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What is family mediation?

What is family mediation?

Separating from or divorcing a partner can be a traumatic experience, especially if kids are involved - and the thought of arguing with your ex in court over everything from your possessions to your childcare arrangements could make everything seem even worse.

The good news is, there are alternatives to official legal proceedings. In fact, as it says on the specialist legal website http://www.thelawhouse.com, the majority of divorces conclude without either party having to go to court. If you don’t want to go down this route, you might benefit from taking advantage of family mediation instead. In short, this is a way of reaching an agreement with your former partner over things like property, money and how you will look after your children.

How does it work?

Family mediation is voluntary, meaning that both parties have to be willing to take part in the process. It’s possible to refer yourself, or your adviser or solicitor can refer you. The proceedings are run by an independent mediator, who will meet both you and your ex (this can be done together or separately) to get a full picture of the issues involved in your separation. The mediator will help the two of you come to an agreement and, at the end of the process, this will be written up. You might benefit from getting legal advice at this point to ensure you’re happy with all the details. If you want, the arrangement can be made to be legally binding.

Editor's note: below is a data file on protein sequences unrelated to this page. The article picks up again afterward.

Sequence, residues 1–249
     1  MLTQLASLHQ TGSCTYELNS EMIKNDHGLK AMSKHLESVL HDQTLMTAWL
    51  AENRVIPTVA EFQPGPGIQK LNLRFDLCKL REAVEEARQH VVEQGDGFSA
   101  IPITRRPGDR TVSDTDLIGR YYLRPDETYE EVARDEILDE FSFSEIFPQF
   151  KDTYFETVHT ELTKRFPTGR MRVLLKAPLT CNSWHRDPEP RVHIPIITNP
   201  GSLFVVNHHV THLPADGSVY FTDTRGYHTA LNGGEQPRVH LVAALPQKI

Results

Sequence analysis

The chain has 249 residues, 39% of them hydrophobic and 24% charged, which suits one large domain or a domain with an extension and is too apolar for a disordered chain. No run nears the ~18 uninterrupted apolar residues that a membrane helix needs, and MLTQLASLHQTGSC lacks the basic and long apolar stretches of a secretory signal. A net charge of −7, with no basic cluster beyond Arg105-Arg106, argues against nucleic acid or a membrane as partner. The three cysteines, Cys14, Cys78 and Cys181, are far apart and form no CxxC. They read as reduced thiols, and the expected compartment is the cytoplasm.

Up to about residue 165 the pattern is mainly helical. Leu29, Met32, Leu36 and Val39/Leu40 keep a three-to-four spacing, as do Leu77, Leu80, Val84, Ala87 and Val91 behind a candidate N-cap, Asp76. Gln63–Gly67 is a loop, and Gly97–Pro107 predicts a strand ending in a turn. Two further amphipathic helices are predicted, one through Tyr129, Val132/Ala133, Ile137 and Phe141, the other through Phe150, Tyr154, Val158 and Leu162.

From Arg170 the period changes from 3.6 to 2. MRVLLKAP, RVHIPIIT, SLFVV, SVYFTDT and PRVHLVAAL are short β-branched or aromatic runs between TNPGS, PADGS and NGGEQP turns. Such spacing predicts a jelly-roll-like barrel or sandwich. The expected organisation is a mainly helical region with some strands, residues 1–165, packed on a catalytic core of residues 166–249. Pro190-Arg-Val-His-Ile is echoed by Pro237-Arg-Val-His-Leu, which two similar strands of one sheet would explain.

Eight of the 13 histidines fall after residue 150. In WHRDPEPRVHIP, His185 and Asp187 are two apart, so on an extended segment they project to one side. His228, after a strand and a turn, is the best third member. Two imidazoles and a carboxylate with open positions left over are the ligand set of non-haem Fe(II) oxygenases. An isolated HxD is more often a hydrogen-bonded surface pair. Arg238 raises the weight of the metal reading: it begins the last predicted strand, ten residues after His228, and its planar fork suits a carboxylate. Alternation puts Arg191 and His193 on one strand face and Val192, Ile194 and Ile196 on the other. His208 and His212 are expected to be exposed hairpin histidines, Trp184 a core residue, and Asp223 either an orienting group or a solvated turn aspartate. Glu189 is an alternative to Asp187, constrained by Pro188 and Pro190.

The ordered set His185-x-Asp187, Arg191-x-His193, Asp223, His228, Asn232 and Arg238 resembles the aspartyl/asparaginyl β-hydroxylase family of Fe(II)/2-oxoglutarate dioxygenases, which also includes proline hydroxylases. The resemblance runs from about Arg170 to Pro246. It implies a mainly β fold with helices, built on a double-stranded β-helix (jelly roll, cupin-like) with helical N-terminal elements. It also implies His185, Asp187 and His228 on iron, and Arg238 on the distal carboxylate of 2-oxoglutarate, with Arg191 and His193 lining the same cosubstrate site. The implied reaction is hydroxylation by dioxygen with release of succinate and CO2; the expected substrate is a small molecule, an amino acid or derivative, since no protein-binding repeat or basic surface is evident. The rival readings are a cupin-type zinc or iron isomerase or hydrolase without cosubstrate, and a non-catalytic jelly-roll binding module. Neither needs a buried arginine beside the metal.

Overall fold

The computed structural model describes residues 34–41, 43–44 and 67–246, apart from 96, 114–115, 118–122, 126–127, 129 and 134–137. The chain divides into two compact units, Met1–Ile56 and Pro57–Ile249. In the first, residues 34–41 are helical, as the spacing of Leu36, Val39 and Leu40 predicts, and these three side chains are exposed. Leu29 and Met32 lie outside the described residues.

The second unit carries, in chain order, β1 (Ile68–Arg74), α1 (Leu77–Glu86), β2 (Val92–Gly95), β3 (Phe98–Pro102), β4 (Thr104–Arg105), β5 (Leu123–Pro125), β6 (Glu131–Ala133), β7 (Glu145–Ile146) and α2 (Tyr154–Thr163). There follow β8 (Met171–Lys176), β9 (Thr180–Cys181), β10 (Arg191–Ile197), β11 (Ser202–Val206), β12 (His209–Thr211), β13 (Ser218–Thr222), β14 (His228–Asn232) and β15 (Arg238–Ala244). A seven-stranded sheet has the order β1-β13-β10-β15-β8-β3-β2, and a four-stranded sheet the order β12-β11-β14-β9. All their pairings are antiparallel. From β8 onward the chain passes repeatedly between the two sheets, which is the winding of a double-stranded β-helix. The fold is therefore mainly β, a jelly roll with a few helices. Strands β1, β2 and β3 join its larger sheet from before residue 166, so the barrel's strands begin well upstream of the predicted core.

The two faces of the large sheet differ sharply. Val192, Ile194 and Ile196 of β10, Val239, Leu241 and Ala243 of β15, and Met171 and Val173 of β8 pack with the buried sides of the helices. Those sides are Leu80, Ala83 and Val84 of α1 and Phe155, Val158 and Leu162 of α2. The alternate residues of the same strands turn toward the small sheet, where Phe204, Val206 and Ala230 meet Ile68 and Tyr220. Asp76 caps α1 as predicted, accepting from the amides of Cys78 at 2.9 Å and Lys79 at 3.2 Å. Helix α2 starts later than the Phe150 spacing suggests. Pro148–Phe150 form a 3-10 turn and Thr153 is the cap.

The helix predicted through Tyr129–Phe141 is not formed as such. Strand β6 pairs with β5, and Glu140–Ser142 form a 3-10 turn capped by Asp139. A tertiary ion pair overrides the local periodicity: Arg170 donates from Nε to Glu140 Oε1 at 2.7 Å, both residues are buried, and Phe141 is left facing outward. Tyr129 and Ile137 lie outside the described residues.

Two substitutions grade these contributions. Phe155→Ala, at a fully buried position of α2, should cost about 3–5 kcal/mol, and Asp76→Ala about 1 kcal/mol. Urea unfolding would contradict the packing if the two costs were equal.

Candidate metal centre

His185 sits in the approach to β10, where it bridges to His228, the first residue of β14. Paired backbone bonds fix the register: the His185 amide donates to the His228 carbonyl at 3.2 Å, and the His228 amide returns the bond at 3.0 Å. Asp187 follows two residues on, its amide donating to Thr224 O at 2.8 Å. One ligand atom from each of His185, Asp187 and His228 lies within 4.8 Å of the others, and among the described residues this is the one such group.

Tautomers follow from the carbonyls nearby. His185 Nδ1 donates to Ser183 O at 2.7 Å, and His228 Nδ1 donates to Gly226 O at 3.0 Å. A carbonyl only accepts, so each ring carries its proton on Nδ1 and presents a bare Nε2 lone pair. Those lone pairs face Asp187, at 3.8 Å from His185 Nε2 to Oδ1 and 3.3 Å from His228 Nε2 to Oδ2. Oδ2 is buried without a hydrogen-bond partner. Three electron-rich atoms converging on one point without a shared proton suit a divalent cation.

Why should you consider it?

There are a number of reasons why it’s important to consider mediation as an alternative to going to court. For example, it can be less stressful, cheaper and quicker than court action. It also gives both you and your ex more of a say in the outcome and it can help to improve communication between you. Because it is less confrontational, it also tends to be less upsetting for any children involved and it can help them carry on with normal family relationships.

 

When can you use it?

You can use these services as soon as you’ve decided your relationship is coming to an end, as long as you feel able to discuss and resolve any issues. Because it encourages cooperation and can prevent disagreements from getting worse, mediation can help to simplify any subsequent legal proceedings.

Bear in mind that if you’re applying for a court order to settle a dispute about your kids, property or money, you’ll probably be expected to contact a mediator and arrange a meeting to see if your disagreements can be resolved without court action. Mediation can also be used after a divorce if new issues arise.

Separating from a partner will always be difficult, but by taking advantage of mediation services rather than assuming everything must be addressed in court, you can take some of the stress out of the situation.

 

 

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